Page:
Sobacha tea originates from east Asian cultures. Buckwheat groats are toasted then steeped to make a beautiful caramel colored tisane. Sobacha has a comforting nutty aroma and rich, malted, toasty flavor. As an avid drinker of all thing’s tea and tisane, I’m in love with sobacha and keep it on heavy rotation.
My two favorite ways to consume Sobacha are as a Green Sobacha Tea and an Ancient Grain Tisane. You can drink either preparation hot, cool or iced, they’re both delicious, fast and easy to make. Before we get to the recipes, here are a few tidbits about Sobacha.FUN FACTS
- Buckwheat is an ancient grain that has been cultivated and used by humans, both as a beverage and food, for thousands of years.
- Despite the word “wheat” in the name, buckwheat is not closely related to wheat, or even considered a cereal. Buckwheat is related to plants like sorrel and rhubarb.
- Sobacha ranks low on the glycemic index, is vegan, gluten free, caffeine free and generally a GMO-free crop. It’s a celiac, diabetic and heart friendly beverage.
- Sobacha contains, protein, ammino acids, minerals and antioxidants, in other words, lots of healthful goodies!
- Strictly speaking, brewed sobacha is a tisane. The term “tea” technically refers to brewed Camellia sinensis or “tea” plant. Black, green, oolong and white tea all come from Camellia sinensis and refer to the varying degrees and types of fermentation before consumption. Sobacha and all other brewed plant matter are classified as tisane.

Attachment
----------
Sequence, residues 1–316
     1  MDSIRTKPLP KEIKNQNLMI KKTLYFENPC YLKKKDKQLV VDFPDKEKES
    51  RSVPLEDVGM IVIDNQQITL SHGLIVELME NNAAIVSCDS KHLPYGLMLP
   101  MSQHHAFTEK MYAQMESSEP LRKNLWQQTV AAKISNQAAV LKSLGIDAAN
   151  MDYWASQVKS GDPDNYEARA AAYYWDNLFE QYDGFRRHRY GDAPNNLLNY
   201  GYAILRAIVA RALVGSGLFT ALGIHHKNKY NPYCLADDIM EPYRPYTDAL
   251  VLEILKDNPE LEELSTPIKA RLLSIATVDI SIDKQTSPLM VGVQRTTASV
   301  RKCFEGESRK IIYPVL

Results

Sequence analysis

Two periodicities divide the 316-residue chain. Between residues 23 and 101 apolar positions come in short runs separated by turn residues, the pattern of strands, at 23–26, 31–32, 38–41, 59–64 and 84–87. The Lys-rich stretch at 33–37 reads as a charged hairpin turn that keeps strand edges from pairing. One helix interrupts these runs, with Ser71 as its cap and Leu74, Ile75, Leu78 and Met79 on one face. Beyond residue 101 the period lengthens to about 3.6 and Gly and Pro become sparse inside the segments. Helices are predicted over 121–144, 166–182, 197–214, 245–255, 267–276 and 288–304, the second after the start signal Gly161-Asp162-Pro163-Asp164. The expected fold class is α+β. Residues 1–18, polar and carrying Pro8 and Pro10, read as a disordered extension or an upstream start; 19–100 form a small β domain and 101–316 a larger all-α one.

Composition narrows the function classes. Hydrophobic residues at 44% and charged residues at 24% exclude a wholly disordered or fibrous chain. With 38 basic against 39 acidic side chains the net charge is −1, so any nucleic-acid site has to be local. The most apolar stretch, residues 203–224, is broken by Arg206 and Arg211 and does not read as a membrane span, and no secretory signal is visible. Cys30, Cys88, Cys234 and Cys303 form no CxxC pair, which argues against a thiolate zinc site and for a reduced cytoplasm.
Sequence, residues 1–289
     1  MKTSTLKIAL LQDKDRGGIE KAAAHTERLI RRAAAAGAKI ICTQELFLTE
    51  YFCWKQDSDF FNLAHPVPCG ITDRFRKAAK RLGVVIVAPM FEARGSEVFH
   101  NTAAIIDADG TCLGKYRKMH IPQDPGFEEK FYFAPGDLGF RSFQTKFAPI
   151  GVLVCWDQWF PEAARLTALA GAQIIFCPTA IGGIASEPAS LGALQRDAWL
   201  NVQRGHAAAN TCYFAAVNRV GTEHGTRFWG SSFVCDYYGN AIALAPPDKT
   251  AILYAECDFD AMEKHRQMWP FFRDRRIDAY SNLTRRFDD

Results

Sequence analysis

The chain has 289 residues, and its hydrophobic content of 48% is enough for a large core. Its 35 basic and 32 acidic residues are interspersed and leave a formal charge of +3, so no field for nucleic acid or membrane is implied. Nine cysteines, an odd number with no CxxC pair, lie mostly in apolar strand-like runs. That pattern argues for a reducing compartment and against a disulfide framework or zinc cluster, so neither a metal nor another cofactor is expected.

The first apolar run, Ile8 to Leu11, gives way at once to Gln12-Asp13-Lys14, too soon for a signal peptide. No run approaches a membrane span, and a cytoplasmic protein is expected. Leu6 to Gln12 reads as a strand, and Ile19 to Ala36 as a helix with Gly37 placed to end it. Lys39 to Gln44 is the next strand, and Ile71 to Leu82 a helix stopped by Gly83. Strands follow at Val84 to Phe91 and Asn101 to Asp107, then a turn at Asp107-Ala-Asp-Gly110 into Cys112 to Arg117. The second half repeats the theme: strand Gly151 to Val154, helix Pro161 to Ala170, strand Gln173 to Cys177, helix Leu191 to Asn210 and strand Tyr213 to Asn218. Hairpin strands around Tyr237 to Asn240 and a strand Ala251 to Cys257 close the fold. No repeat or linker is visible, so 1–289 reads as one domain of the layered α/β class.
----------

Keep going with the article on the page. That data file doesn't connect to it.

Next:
- You can buy pre-roasted, ready-made sobacha, but it can be a bit pricy. On the other hand, buckwheat groats are inexpensive and easily transformed into sobacha. All you need is a large skillet and your desired amount of buckwheat. Toast the buckwheat in a dry skillet, over medium heat, for 3-5 minutes, until lightly fragrant and golden brown. Remove from the heat, cool to room temperature and store in an airtight container until use.
- Don’t throw out your sobacha after steeping! The leftover, soft grains of buckwheat are delicious and packed with fiber and protein. Add them into a salad or soup. If you made a large batch of tea, combine the leftover sobacha with a little milk and sweetener for a yummy breakfast porridge or use it as a nutritious stand in wherever you would use rice. Eating your leftover sobacha is one of the ultimate and most enjoyable acts of recycling.
Without further ado, let’s get brewing. Sip, smile and be well!